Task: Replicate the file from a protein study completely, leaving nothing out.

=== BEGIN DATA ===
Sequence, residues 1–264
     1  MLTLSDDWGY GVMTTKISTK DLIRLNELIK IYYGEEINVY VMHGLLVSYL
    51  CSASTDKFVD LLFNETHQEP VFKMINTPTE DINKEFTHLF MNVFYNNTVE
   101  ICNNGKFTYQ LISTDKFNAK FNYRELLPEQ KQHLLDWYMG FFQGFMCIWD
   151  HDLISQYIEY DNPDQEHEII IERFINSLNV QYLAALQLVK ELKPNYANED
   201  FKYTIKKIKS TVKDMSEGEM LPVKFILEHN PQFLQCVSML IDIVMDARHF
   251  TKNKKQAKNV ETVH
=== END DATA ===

Sequence, residues 1–264
     1  MLTLSDDWGY GVMTTKISTK DLIRLNELIK IYYGEEINVY VMHGLLVSYL
    51  CSASTDKFVD LLFNETHQEP VFKMINTPTE DINKEFTHLF MNVFYNNTVE
   101  ICNNGKFTYQ LISTDKFNAK FNYRELLPEQ KQHLLDWYMG FFQGFMCIWD
   151  HDLISQYIEY DNPDQEHEII IERFINSLNV QYLAALQLVK ELKPNYANED
   201  FKYTIKKIKS TVKDMSEGEM LPVKFILEHN PQFLQCVSML IDIVMDARHF
   251  TKNKKQAKNV ETVH